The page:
We’ve all been on the receiving end of some form of solicitation. Someone with some idea wants you to give them money in order to make that idea happen and in exchange you get… well nothing really, nothing that you want, except maybe gratitude from the solicitor. As a film maker who isn’t independently wealthy I (unfortunately) find myself frequently in the role of solicitor. I have been involved with projects that succeeded and projects that didn’t come close, so in this article I’m going to explore what to do if you don’t want to succeed.
First off, this just has to be shared. I stumbled across this on Film Courage, and while it’s mostly specific to crowdfunding films I think the message applies to all crowdfunding endeavors.
So that brings us to our tip for not succeeding in crowd funding number one.
1. Make a crappy video
To be clear, I will determine if I’m going to give to your crowdfunding campaign based solely on your video. Does it have to be academy award winning quality? Absolutely not. Does it even have to be the quality of the final product? No not really. What it does have to do is show me that you not only care enough to take the time to make a quality video (or at least that you have enough of a business brain to realize investing in a great video will positively impact your campaign, and likely make you more money than you spent). Talking to a web cam for 10 minutes with poor audio and nothing to back up what you’re saying is not the way forward. This is the realm of show me, don’t tell me, so get your visuals together and craft a solid story that shows my why your idea is worth my time and my money.
2. Be unclear with your ask
One of the earlier crowdfunding campaigns I worked on probably should have succeeded. The talent behind it was great, what we were trying to do was original, and the video was solid. We showcased the talent and gave an example of what we were trying to accomplish and did it in a fairly creative way. However, we did a very poor job of being clear to our viewers about what we were trying to accomplish. Many questions came in mostly asking “what exactly are you making?” If it’s a film, say that it’s a film, if its CD say that it’s a CD, if its a product, then tell us exactly what sort of product it is. Do not leave any doubt in your potential patrons mind as to what you’re trying to do.
3. Choose the wrong platform
There’s a good number of crowdfunding sites out there. There’s no reason you should feel pigeon holed into using one that doesn’t craft the campaign to exactly what you need to succeed. For example, if you want to ask for $100K and you know that $70K will be enough, don’t choose Kickstarter…. it’s all or nothing, which means you may get $75K and you will see no money at all. Also if your social network is not very strong, don’t use one that relies solely on your social network for promotion. Also if your goal is to offset costs over a long period of time you might want to look at a source that allows money to come in at intervals and doesn’t have a short deadline. Do your research and choose the best site for you.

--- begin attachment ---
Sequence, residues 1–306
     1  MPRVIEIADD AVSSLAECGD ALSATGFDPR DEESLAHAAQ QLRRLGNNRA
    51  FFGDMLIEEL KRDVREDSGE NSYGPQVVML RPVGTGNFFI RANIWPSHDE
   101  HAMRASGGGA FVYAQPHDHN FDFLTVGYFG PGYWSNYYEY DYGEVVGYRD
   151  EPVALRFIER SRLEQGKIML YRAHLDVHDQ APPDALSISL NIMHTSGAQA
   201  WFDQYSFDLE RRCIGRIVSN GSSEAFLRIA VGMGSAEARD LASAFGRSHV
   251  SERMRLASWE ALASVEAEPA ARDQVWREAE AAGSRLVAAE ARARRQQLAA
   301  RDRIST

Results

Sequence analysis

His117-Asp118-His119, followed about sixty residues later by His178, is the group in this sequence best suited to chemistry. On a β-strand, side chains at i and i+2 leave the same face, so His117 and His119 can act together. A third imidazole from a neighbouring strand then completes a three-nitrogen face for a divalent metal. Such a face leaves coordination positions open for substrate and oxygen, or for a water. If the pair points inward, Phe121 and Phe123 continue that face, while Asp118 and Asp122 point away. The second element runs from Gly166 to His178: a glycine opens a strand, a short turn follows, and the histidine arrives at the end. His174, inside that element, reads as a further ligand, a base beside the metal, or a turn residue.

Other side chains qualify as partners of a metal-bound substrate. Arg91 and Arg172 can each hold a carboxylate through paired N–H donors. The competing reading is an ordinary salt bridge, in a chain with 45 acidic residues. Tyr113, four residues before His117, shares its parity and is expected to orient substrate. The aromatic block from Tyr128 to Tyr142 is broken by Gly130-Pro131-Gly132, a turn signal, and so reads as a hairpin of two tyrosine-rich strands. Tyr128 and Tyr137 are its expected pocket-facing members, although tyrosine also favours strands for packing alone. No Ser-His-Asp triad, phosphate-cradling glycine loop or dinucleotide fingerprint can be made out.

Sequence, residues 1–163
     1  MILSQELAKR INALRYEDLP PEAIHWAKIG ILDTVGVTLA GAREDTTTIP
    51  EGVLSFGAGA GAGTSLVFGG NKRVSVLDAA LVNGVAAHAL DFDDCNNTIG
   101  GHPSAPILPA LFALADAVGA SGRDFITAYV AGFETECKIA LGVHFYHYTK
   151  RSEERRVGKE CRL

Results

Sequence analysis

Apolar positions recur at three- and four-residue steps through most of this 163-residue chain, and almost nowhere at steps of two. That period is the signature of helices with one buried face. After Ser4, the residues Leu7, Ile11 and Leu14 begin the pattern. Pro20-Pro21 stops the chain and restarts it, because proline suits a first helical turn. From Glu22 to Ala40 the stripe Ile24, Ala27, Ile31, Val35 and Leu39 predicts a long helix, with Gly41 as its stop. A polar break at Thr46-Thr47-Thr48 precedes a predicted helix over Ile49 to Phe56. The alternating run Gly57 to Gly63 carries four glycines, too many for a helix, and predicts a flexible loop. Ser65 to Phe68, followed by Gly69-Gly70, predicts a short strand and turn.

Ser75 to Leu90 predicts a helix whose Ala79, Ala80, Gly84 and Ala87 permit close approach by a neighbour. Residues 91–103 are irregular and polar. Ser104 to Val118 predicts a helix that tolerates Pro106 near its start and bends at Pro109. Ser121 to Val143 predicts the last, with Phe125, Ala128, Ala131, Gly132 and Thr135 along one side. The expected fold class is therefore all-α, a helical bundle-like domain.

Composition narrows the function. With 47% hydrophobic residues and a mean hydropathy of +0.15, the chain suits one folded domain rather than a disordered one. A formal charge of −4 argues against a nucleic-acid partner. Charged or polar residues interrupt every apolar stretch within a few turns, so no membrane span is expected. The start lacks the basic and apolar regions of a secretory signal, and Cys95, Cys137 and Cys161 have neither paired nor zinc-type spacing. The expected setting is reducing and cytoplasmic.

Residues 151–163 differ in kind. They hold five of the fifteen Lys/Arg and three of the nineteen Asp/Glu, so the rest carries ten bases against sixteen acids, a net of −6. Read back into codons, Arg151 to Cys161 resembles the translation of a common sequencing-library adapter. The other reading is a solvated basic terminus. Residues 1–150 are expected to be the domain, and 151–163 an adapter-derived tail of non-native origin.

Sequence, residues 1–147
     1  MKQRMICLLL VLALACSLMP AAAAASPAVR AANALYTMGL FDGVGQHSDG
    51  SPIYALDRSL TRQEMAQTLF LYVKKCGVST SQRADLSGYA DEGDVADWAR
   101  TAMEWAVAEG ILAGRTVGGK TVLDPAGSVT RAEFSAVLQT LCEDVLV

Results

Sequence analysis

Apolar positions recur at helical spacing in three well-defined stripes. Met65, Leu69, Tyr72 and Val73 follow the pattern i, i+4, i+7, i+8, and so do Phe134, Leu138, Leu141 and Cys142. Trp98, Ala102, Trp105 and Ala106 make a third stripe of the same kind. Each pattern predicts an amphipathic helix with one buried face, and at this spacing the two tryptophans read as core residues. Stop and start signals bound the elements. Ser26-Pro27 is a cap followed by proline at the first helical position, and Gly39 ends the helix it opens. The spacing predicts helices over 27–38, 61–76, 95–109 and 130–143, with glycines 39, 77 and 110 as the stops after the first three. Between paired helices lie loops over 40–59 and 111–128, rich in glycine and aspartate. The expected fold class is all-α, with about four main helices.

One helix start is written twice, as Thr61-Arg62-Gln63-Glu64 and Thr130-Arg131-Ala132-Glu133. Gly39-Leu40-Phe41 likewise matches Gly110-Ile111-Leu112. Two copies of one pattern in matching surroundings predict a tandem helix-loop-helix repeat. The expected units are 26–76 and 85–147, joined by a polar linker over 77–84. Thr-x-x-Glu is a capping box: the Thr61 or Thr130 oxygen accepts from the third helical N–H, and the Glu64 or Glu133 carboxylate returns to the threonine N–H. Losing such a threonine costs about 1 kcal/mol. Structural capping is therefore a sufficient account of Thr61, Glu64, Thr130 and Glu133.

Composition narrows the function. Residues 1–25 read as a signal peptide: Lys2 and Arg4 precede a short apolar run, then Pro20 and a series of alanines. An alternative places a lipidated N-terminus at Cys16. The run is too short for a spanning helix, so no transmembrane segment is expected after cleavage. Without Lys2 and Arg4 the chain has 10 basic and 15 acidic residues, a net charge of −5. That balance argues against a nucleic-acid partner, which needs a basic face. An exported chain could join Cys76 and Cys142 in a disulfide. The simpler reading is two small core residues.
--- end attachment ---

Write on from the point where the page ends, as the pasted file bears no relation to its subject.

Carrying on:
4. Ask for too much/too little
I’ve been on both sides of this on more than one occasion. Asking for too much can put an insurmountable mountain in front of you. Ask for too little and people won’t take your seriously (or worse, you’ll succeed and have to fulfill everything you promised without nearly enough money). Count the real cost, costs of materials, time, labor, marketing, and reward fulfillment. Count all of it, even if you know some of it is going to be donated. Then work your goal based on those numbers. Even if you take out everything you think will be donated at least you’ll know how much it should cost and how much it will cost if someone doesn’t come through with those donations. On the other side, the corwdfunding sites aren’t their to pay for your lavish lifestyle, don’t pad the numbers because you want to be an overnight millionaire, people will see through that and you will get nothing.
5. Be unprepared
If you want to succeed with your campaign you’re going to need to have a very clear plan, a plan with contingencies. Day 1-10 work out great, but on day 15 you don’t have a contributor in sight, what are you going to do? You met your goal early and have a month to raise more, can you think of something else to do with the extra money? It’s the last hour and you’re missing your mark in an all or nothing campaign by $100, what are you going to do? All of these things are things you need to consider. Also you need to figure out ways to refresh your campaign when it stalls, new videos, new posts, endorsements etc. Finally the bigest thing you need to be prepared for is that this is a 100% hands on activity. You line up donations before you even start, then you have to e-mail and call the people who have promised to give you money, then you spend all day sending your campaign to blogs, talking to people about it, handing out flyers, whatever you can do to raise the money.
Hope you guys find these insights helpful. I by no means want to be the definitive authority on crowdfunding, nor do I expect my experiences are universal in the crowdfunding world. However I have been on both successful and unsuccessful campaigns and these are the things that I took away from them. If you have any further insights to share on crowdfunding, let me know in the comments below!